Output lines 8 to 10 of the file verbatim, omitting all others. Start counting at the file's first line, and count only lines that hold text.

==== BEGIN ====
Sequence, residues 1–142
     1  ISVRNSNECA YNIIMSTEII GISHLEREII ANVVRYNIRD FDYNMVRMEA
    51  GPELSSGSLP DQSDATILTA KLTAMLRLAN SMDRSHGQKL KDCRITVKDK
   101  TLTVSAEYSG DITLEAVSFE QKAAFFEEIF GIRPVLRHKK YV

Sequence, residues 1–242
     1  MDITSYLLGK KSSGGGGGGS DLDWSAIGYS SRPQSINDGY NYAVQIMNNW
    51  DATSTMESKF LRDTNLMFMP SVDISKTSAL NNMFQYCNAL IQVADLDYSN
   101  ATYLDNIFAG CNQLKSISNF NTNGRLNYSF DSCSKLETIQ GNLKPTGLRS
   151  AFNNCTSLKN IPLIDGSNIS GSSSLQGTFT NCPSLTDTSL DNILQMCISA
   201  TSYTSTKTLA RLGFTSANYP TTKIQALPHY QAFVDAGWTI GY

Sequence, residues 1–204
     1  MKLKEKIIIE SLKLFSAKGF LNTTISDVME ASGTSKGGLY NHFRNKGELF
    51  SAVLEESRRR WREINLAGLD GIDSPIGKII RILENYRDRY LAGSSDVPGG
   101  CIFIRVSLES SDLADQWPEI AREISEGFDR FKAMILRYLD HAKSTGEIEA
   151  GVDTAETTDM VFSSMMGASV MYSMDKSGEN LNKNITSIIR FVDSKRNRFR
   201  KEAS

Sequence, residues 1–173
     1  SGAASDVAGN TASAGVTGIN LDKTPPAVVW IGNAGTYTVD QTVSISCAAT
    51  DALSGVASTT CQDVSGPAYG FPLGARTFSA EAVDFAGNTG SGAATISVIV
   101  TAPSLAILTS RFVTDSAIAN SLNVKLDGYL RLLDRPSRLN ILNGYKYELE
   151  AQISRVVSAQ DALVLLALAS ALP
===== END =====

   101  ATYLDNIFAG CNQLKSISNF NTNGRLNYSF DSCSKLETIQ GNLKPTGLRS
   151  AFNNCTSLKN IPLIDGSNIS GSSSLQGTFT NCPSLTDTSL DNILQMCISA
   201  TSYTSTKTLA RLGFTSANYP TTKIQALPHY QAFVDAGWTI GY